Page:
The Aero 7 Lite has a manual control knob, which can be mounted in the front or back of your case. I can honestly say that I like having the fan-speed under my direct control. Basically, it lets me make a trade-off between noise and cooling capacity. This cooler is very quiet at the lowest setting; on the highest setting it reminds me of my grandfather’s old 10 horsepower fishing boat motor — it’s much louder than I would like. Basically, the first two-thirds of the range is great-to-acceptable, but the final end of the scale will probably annoy anyone who’s not wearing headphones.

I’ve made a short audio recording, in case you’d like to hear it for yourself. (The recording is actually of the Aero 7+, but it’s the exact same blower unit.) It sounds identical to the Aero 7 Lite.

Click HERE to listen to a short (11 sec / 440Kb ) WMA file of the Aero 7+ blower in action.

I started with the blower at the slowest speed, cranked it to the max, quickly set it back to low, and then set it to 50%, which is quiet, but gives good cooling for my overclocked Athlon. You’ll probably want earphones to listen to this, since the recording is fairly quiet, even though I held the microphone 1/2 inch (10 mm) from the edge of the blower. I had to hold the microphone very close, otherwise it would not pick up the sound at low fan speeds.

My particular Aero 7 Lite blower exceeds its rated RPM (1900~3500 rpm) and actually delivers 1704~3629 rpm. I’ve tested both Aero 7 units at 3 speeds (low, medium, and high), to examine their entire performance range.

CPU temperature measurements were made using my system’s built-in thermal diodes with MotherboardMonitor 5.0. Idle temperatures were taken with no other applications running (other than MotherboardMonitor). Load temps were taken with SETI@home, 3Dmark2001SE, and WinAmp all running at once. Unless otherwise mentioned, OCZ Ultra II premium silver thermal compound was used as the interface between the CPU and the cooler.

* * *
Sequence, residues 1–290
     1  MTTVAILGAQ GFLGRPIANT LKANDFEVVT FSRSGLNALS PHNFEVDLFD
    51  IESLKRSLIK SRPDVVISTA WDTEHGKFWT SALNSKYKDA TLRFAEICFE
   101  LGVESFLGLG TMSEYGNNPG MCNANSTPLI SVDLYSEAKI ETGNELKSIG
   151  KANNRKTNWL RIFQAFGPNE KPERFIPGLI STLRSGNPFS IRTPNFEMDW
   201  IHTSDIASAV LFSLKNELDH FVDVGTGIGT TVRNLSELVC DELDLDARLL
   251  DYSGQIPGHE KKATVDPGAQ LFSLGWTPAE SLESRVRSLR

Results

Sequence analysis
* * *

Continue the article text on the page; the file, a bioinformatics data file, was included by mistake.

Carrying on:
A note on the following benchmarks: These benchmarks were taken at a different room temperature than my previous Aero 7+ review and therefore cannot be directly compared to those results, even though the system is exactly the same.

The room temperature was 72.5°F / 22.5°C and the internal (closed) case temperature was 91.2°F / 32.9°C.

Test System:

  • Athlon 2500+ @ 2,090 MHz (overclocked), 1.675 Volts (default is 1.650 V).
  • Biostar M7NCG PRO nForce2 motherboard
  • Corsair 512 MB 3200 CAS2 DDR
  • MSI GeForce FX 5600-VTDR128 – 128 MB
  • Aero 7 Lite:
    • High speed (3629 rpm): Idle: 104°F / 40°C – Load: 105°F / 41°C
    • Medium speed (2020 rpm): Idle: 111°F / 44°C – Load: 113°F / 45°C
    • Low speed (1704 rpm): Idle: 113°F / 45°C – Load: 114°F / 46°C
  • Aero 7 Lite with included thermal pad:
    • High speed (3629 rpm): Idle: 105°F / 41°C – Load: 107°F / 42°C
    • Medium speed (2020 rpm): Idle: 113°F / 45°C – Load: 114°F / 46°C
    • Low speed (1704 rpm): Idle: 114°F / 46°C – Load: 116°F / 47°C (crashed once under heavy load)
  • Aero 7+ w/ OCZ Ultra II:
    • High speed (3552 rpm): Idle: 105°F / 41°C – Load: 114°F / 46°C
    • Medium speed (2008 rpm): Idle: 111°F / 44°C – Load: 118°F / 48°C
    • Low speed (1776 rpm): Idle: 113°F / 45°C – Load: 120°F / 49°C
  • Aero 7+ w/ included thermal paste:
    • High speed (3552 rpm): Idle: 105°F / 41°C – Load: 118°F / 48°C
    • Medium speed (2008 rpm): Idle: 113°F / 45°C – Load: 120°F / 49°C
    • Low speed (1776 rpm): Idle: 114°F / 46°C – Load: 122°F / 50°C

And for those of you who prefer bar graphs (shorter is better (cooler)):

Cooling Ability